“The Affordable Care Act doesn’t provide health care for the poor; it provides financial care for the healthcare industry.”

An additional concern about our current social and governmental direction is that programs like the Affordable Care Act don’t provide health care for the poor; it provides financial care for the healthcare industry. Unlike the federal government’s bailout of the auto industry in 2008-10 there is little provision for a return on investment or any remuneration from the ACA. Its current configuration requires the costs of administration but little revenue stream for administrators. The government becomes a billing agent for private healthcare and pharmaceuticals.

We need to change the direction of America toward valuing the things we’ve discounted over these previous two decades; access to education, quality of education, valuing teachers as pivotal contributors to our nation’s future. We need to teach and reward personal responsibility and initiative. Wealth is not measured by possessions but by capability, output and income.

By Tom Demerly.

Like a modern James Dean, Paul Walker starred in hot rod movies, lived his character and tragically died as his character.

Like a modern James Dean, Paul Walker starred in hot rod movies, lived his character and tragically died as his character.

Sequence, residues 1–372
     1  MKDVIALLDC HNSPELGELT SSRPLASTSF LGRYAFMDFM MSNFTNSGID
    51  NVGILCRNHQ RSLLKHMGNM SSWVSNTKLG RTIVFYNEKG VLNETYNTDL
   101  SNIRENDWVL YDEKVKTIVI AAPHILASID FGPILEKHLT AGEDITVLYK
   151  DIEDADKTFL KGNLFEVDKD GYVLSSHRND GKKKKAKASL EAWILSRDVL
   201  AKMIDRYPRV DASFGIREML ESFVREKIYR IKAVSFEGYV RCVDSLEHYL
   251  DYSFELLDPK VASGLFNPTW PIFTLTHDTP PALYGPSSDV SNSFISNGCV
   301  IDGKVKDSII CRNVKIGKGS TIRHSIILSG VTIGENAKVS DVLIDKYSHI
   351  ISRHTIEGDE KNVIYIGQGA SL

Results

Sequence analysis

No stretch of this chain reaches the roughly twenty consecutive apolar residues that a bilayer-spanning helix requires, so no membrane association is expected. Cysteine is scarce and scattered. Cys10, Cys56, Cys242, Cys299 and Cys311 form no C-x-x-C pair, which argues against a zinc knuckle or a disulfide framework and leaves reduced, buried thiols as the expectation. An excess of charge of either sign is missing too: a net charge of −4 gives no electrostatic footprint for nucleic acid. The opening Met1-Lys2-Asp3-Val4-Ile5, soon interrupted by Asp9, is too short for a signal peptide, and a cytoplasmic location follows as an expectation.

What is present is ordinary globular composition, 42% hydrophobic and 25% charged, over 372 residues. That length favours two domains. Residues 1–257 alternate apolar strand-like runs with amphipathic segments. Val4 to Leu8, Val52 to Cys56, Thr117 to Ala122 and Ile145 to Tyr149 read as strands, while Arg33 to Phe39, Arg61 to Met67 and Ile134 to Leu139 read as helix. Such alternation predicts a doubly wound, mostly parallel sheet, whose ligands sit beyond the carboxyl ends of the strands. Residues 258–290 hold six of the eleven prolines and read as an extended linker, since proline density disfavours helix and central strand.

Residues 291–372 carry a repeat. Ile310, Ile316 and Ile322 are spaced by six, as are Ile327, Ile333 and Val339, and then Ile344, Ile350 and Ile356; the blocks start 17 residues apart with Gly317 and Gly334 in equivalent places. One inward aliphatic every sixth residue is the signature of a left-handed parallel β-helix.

Paul Walker, a modern day James Dean, died tragically in a fiery car accident Saturday in Valencia, California at age 40. The parallels between his life and predecessor “B” movie film icon James Dean are uncanny.

The “B” movie hot rod genre and male heartthrob is as much a cliche as the tragic, too early death of both Walker and Dean.

Walker was a modern day James Dean.

Walker was a modern day James Dean.

Walker stared in the Fast and Furious series of action movies that brought back hot rodding in the form of modern “tuner” cars and introduced a generation to the bad-boy car movie. The poodle skirts and drive-ins have been replaced by yoga pants and Uggs at the local megaplex, but the theme of hot cars, hot boys and hot girls has stayed rock solid. Now the ending is even the same.

Walker was oddly perfect in his roles. In Into The Blue Walker was perfect as the buff beach and dive bum who courted a ravishing Jessica Alba and found a fortune in lost drug money under the waves. The cute little movie is fun and captivating. It’s cheesy appeal spans all age categories and melts the heart of even the snootiest critic. Walker’s movies are a guilty pleasure.

"Into the Blue" was sexy, adventurous and romantic. A perfect role for Walker.

“Into the Blue” was sexy, adventurous and romantic. A perfect role for Walker.

Walker created an aspirational look that included natural handsomeness, an easy surf-dude persona and an incredible build. His acting was convincing and real in the roles he played best, the hot-guy hard man who was an outward bad-boy come hero.

His loss is a significant one as he showed promise and versatility that may have suited new roles well. It is a sad, tragic loss that cements him as legend, will vault his films into recirculation but tragically takes his niche’ talent from us way too soon and way before he was able to share more of his gifts for character and drama.